Eurozone Pulls Ahead – Two Steps Forward, One Step Back
The Purchasing Manager’s Index (PMI) shows in figures released today that the Eurozone has an increase in its manufacturing activity. That’s the first time for the past two years that growth has been seen. The PMI increased fromJune’s figure of 48.8 to 50.3. Some had predicted that it would rise to 50.1 and so the real figure is better than what was expected. The Eurozone has officially gone therefore from contraction to expansion, breaking through the all-important barrier figure of 50. However, the race is far from over and they are nowhere near the finishing line just yet.
Germany’s manufacturing activity (50.7) was the front-runner out of the Eurozone, this was due in the main to domestic demand increases (although exports still declined in July). Out of 17 countries in the Eurozone, Italy (50.4) also had a marginal improvement and France (49.7) saw an increase in its manufacturing activity in comparison with last month’s figure (but the country is still contracting for the moment). However, France’s PMI is the highest it has been for the past year and a half. There was an increase across the Eurozone, except in Spain (49.8), which saw its lowest level for two months. Greece was the worst of the 17-Eurozone members with a figure of 47. However, it should be noted that this is the highest level for Greece for the last 43 months, so there are signs of slight improvement.
This increase means that production and new orders have risen at a quicker rate than at any other time since the middle of 2011.
Unemployment has started to decrease (since June) for the first time in a two-year period as shown by data that was released on Wednesday by the EU. Eurostat issued the figures that showed that the EU-27 had26.424 million people that were unemployed in June 2013. 19.266 million of those were in the Eurozone. That was a decrease on the figure in May by 32 000 in the EU and the Eurozone saw a decrease of 24 000. The overall unemployment figure in percentage terms remained stable at 12.1% between May and June 2013. Now added to the slight, tentative improvement there are the PMI figures for the Eurozone that are an improvement. But, the fact that the figure dropped in terms of a few thousand people might be a welcome sign that things are going to get better. But, the percentage is still a record level and it is stuck for the moment at 12.1% since the numbers are not dropping fast enough.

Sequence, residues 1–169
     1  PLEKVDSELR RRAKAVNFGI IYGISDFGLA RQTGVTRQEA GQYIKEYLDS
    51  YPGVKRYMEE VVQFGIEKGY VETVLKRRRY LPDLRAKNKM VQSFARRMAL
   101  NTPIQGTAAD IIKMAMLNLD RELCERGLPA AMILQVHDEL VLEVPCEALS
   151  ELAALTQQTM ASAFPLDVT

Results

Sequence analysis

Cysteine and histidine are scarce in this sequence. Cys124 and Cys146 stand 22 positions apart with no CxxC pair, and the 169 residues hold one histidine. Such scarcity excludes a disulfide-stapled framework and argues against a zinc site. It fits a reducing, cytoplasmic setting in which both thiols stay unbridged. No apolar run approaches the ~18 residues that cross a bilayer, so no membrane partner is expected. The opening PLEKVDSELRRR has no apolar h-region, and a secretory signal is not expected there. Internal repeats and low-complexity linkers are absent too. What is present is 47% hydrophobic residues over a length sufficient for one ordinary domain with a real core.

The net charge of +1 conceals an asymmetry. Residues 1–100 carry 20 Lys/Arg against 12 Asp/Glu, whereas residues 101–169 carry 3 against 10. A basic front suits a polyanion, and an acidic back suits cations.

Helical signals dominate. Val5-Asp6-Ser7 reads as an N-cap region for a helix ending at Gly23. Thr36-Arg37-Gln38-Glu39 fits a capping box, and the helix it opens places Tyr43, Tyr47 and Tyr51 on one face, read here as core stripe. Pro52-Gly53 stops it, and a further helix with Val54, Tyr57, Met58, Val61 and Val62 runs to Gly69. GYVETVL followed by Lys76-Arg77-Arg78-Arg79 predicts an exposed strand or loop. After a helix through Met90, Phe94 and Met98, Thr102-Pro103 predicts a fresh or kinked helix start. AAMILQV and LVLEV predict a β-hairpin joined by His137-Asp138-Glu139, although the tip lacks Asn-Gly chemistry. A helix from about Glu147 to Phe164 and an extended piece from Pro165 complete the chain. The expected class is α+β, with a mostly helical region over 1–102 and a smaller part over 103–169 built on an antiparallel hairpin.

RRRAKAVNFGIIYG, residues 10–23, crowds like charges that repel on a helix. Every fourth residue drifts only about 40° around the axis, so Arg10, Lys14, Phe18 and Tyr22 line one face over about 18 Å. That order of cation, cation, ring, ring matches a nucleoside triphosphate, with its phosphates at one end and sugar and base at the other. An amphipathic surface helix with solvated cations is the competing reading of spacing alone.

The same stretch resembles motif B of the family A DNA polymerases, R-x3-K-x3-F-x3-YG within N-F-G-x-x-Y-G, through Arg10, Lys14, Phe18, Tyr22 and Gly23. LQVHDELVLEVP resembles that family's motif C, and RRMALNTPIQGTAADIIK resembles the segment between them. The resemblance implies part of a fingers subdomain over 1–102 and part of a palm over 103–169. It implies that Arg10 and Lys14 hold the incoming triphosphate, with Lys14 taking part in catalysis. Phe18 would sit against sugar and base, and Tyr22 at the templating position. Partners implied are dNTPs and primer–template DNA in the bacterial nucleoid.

This will come as a positive boost to the European Central Bank meeting that takesplace today in which monetary policy isreviewed by the Governing Council. However, it iswashighly unlikely that there would be any major changes to that policy given the improvements in PMI and unemployment. Indeed the decisions were that the deadline borrowing rate would remain at 0.5%. The deposit facility rate remained at 0.0% and the marginal lending rate stood unchanged at 1%.